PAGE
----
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'Things have definitely changed': Incidents of harassment, bullying towards elected officials on the rise

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As president of Alberta Municipalities and mayor of the City of Wetaskiwin, Tyler Gandam has spent more than a decade in the public eye.

"Things have definitely changed," he said. "I think there's been a lot more abuse towards elected officials."

Gandam has noticed incidents of harassment and bullying have gotten worse since the pandemic – especially on social media platforms.

"They can post anonymously, they can post using a fake account and feel like what they're saying is totally fine," said Gandam.

He said he's been the target of at least a hundred incidents in recent years.

"Last week we had a threat of somebody bringing a gun to city hall so we upped our security," Gandam said.

"Then even for doing that we took criticism that again, well if you're doing your job you don't have to worry about it," he added.

Gandam said nobody, including elected officials, should go to work and feel threatened.

"It's absolutely unacceptable," he said.

Gandam said more and more the attacks aren't just about policies or the issues but have become personal.

"It's not only the individual who was elected but their families as well. Moms, dads, sisters, brothers, husbands, wives and kids," said Gandam.

"I know that for sure men face threats of violence, whereas women are facing those threats of violence but a lot more descriptive of what that violence could or would be, or even getting into the sexual nature of what that threat would be," he said.

Edmonton councillor Anne Stevenson stays off social media and has staff screen her messages as a way to insulate herself from some of the abuse.

"Quite abusive language, misogynist language, but also just frankly sometimes some of the scolding we get," said Stevenson.

Polarization, disinformation and worsening abuse were some of the reasons Shannon Phillips said led to her resignation after nine years as an NDP MLA.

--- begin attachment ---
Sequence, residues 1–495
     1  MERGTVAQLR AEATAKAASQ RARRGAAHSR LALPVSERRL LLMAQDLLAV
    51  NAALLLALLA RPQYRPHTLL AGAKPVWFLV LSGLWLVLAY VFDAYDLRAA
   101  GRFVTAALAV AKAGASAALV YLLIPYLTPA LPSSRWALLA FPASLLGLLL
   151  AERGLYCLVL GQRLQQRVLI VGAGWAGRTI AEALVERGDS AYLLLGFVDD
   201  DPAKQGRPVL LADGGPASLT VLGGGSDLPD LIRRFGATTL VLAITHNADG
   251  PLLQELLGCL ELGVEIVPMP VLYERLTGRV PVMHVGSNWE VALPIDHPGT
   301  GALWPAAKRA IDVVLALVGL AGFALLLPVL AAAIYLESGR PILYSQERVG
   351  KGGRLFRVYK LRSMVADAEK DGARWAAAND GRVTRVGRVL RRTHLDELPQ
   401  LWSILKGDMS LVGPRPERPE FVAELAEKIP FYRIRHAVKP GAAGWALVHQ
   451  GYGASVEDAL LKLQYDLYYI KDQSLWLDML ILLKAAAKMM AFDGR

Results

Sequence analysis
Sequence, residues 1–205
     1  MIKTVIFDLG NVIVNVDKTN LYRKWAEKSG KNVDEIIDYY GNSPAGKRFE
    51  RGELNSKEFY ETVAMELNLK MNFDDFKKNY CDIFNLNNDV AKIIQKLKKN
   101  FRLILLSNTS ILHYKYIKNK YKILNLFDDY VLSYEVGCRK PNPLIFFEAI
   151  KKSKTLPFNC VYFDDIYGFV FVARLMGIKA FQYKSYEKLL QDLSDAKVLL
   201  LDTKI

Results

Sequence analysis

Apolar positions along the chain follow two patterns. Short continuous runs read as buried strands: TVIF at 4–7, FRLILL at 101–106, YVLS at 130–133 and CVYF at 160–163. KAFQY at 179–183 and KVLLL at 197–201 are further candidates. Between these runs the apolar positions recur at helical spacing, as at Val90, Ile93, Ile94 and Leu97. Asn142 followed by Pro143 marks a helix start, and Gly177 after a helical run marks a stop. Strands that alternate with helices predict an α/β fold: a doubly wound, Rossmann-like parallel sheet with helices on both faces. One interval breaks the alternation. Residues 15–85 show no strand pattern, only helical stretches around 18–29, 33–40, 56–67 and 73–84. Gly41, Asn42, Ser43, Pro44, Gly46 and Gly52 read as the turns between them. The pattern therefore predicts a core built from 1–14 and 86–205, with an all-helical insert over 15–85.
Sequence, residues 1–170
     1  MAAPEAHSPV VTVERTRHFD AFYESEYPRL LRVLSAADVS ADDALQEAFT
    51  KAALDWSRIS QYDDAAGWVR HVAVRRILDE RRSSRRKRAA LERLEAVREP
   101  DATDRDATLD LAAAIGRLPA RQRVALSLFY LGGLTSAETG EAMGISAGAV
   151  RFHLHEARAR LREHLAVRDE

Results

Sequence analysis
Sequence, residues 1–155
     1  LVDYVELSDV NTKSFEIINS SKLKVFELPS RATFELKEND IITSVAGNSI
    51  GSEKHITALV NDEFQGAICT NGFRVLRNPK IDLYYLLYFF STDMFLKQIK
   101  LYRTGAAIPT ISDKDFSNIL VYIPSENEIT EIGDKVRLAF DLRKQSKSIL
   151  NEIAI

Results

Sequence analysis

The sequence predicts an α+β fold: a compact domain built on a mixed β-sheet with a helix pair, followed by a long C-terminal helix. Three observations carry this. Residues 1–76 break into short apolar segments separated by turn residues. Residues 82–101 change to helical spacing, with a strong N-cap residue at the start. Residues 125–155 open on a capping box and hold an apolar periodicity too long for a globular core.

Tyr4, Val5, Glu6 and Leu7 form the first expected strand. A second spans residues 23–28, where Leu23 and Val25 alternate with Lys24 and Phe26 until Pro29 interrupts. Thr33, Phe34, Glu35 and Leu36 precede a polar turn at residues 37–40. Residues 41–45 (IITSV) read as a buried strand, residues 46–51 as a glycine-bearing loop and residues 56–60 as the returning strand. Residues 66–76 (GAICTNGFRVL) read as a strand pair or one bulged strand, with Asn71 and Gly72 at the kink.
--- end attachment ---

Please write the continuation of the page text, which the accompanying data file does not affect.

"People in my line of work, I think don't know how to deal with it yet. Our party structures don't know how to deal with it. Our legislative assemblies don't know how to deal with it to keep us safe. Our legal environment doesn't know how to deal with it," Phillips said at the time.

"The far right is responsible for whipping up disinformation, anger and hate," she said at the time.

"Folks that are in positions of power or running for office are actually courting some of these folks, if not outright encouraging them and that's really worrisome," said Jared Wesley, a political scientist at the University of Alberta.

Wesley said although research shows local politicians face the most hate it extends to all levels of government.

In May, a federal committee heard the number of harassment incidents involving MPs jumped nearly 800 per cent over the past five years.

There's growing concern some of the harassment and bullying elected officials face will lead to more resignations or prevent people from entering politics.

"There are very deliberate media strategies, political strategies, to stop people from getting involved," said Stevenson.

"There are costs associated to people's poor behaviour and we need to start calling it out more. We need to be taking it seriously and when applicable, making sure that the police are involved as well," said Gandam.

Wesley agreed and said voters need to be part of the solution.

"To speak up and say enough is enough," Wesley said.

"And to hold politicians to account for courting, encouraging and condoning this type of behaviour because it helps them to win elections," he added.

With files from CTV News Edmonton's Chelan Skulski